Collecting

 

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As our little group gathered into a bouquet of faces that represented so many poignant things to me– constancy, enduring relationship, shared history, valued friendship, unique interpersonal alchemies– I realized once again the value of intentional collecting. Not just once, not just twice, but over and over again.

Collecting for a milestone celebration (like a rite of passage), collecting for a documentary movie night, collecting for good food and the sharing of current creative projects– can naturally lead to eventually collecting for support during a health crisis, or collecting for a time of guidance, or collecting for some cheerful encouragement amid the long term difficulties of aging. But it seems to me, the key for intentional collecting is making it a practice. Not a droll, dull, gotta gotta do it practice, but a lovely, can’t wait to see them, this will give my soul a breather, this is gonna be great! practice.

As I looked at this lovely collection of women in a warm honey-toned living room on a winter’s day, celebrating my 50th year with no-holds-barred dancing and breezy, contemplative walks, I realized that these are also the faces I hope to see when arthritis sets in and loss is the topic of the day. And we’ll only get there if we practice. Practice, practice, practice! Making hot tea together alongside heaps of Mulberry paper and cardstock to create notes of appreciation to the givers in our lives, singing show tunes and gnarly old hymns at a yearly apple picking gathering, or seeing each other for my 50th or her 40th or our 20th year together.

I don’t know about you, but I plan on collecting for a very long time . . . .

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Second rite of passage: ample room for playfulness

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A taste of what I’m talking about, and then an explanation:

“Two patchwork quilts, a crazy quilt, a wedding ring quilt, and a wrapping-paper-wrapped quilt enter through the front door. Boxes, bags, ice chests, c.d.s follow.  “Let’s play last time’s Rite of Passage c.d.!”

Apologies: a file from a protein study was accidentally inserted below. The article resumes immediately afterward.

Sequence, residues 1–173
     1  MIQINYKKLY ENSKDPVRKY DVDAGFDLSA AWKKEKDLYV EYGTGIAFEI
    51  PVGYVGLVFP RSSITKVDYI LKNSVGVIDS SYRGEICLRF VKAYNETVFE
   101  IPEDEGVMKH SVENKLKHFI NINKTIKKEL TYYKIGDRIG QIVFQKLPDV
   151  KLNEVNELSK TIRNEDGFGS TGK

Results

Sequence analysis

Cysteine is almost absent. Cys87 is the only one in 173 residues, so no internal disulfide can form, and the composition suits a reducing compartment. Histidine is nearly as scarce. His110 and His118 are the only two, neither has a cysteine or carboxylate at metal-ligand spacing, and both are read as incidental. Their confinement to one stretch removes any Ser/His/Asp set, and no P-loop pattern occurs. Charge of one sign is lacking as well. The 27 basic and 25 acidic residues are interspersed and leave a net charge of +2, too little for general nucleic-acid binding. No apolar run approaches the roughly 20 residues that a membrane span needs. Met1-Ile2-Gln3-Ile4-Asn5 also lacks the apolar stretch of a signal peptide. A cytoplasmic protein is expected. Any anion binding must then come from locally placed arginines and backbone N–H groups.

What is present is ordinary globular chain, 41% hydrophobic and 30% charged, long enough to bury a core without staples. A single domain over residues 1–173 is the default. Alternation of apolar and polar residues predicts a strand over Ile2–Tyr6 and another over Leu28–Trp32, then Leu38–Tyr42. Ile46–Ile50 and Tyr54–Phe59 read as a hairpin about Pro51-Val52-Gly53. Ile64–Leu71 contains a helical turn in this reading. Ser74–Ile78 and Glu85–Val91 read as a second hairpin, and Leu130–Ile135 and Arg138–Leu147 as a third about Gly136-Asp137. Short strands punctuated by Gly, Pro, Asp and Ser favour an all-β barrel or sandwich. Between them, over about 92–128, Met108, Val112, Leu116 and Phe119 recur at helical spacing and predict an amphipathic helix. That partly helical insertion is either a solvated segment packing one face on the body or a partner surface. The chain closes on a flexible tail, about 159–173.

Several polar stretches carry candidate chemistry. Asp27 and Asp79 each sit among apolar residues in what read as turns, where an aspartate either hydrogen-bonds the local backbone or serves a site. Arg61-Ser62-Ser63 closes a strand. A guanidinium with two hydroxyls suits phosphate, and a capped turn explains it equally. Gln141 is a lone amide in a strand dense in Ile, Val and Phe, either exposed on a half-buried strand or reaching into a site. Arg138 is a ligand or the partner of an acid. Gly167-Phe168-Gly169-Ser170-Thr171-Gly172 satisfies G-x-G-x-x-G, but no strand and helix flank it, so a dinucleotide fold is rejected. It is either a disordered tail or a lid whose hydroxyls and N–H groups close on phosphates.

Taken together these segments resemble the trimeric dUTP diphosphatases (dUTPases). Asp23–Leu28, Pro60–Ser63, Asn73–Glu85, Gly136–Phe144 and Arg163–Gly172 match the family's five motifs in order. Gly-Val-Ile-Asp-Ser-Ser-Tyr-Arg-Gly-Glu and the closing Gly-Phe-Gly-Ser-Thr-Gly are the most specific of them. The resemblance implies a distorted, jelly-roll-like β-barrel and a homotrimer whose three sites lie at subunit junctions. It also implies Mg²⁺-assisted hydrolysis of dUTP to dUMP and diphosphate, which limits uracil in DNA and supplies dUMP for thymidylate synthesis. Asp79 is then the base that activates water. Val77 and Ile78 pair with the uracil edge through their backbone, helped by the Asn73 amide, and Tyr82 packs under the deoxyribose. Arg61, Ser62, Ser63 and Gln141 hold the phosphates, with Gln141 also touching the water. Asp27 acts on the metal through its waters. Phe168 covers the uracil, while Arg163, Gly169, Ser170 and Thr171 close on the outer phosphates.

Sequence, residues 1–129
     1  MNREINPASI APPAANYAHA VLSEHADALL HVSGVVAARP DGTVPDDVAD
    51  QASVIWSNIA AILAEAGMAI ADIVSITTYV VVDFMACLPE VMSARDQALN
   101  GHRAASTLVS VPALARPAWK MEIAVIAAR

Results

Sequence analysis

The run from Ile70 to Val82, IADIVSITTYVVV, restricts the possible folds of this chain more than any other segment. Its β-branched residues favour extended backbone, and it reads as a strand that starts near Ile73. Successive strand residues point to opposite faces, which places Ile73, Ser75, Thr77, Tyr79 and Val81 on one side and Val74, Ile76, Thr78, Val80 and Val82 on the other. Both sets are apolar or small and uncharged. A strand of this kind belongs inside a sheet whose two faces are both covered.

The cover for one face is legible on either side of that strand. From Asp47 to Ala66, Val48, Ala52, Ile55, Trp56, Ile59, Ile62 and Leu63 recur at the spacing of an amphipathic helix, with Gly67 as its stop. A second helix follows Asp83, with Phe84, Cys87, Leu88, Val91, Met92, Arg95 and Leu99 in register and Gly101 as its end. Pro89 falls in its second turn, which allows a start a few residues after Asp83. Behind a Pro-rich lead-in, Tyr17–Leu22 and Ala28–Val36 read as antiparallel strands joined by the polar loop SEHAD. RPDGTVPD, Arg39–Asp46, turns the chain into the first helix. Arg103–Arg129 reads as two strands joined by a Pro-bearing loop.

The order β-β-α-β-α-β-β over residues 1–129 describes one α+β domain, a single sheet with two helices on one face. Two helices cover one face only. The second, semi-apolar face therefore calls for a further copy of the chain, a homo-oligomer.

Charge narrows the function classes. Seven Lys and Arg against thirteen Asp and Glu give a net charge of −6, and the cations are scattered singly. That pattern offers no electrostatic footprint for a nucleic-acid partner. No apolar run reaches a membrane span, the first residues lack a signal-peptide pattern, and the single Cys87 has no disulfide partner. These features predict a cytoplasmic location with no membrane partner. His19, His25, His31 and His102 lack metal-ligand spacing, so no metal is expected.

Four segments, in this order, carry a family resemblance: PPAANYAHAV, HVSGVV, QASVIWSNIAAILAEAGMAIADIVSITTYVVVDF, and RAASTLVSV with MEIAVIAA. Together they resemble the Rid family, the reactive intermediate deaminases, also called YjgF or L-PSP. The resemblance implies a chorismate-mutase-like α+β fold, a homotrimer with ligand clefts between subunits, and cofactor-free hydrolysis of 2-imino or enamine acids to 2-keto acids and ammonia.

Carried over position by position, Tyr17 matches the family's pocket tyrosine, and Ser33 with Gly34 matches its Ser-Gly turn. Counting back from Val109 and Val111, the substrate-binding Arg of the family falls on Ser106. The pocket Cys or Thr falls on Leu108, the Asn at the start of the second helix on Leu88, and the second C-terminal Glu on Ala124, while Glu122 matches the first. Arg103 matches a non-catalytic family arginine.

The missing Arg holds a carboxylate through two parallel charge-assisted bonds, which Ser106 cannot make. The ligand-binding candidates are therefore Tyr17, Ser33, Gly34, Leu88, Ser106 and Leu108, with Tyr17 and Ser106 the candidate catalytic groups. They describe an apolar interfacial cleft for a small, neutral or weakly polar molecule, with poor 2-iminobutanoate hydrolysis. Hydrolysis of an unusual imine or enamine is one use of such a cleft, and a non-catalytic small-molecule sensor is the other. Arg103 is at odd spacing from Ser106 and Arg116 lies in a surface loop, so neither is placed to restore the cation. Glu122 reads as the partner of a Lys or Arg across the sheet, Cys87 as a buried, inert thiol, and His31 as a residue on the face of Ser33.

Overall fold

A few Charleston strokes of the foot. Some old fashioned turns. Finger wagging in 1920’s style. “Put another nickel in, in the Nickelodeon, all I want to listen to is music, music, music.”

“This one is Sharon’s.” Someone says.

“Really, this one’s mine?”

“Yes!”

“Laughed as she came to my cradle. No, this child will be able. With love, with patience and with faith. She’ll make her way . . .”

“Don’t you remember?”

“I do now!”

Someone nods and points to Ginny. A few appropriately mimed moves, “I’m a challenge, to your balance.” A slide and a glide from Sharon and myself. A finish and final flourish of the song.

Then the raunch of a digerydoo, “oh, here it is!”

Dar Williams. “As Cool as I Am.” The long sung kitchen anthem of our tribe. Spoons are often microphones. Most of us know it. All of us know what it means. “You tried to make me doubt, to make me guess, tried to make me feel like a little less. Oh, I liked it when your soul was bared. I thought you knew how to be scared. And now it’s amazing what you did to make me stay. But truth is just like time, it catches up and it just keeps going . . .”

The miming ensues. . . an arm is flung to the sky; a sauntering back and forth, helplessly waiting for the outbound stage. . .

Goofy? Yes! Funny? Of course. Fun? Absolutely. Playful? Unabashedly! I have found that creating a rite of passage can be just as fun for the “adults” as it is for the burgeoning edges-and-fringes-of-adulthood woman . . . and here’s a little tip (ssshhhh, don’t tell!). The teenager can often be caught staring up smitten in helpless wonder at all of these grown ups having a good time! A pricelessly valuable lesson indeed! My daughter actually said to me, “Mom, why don’t you do this with your friends more???”

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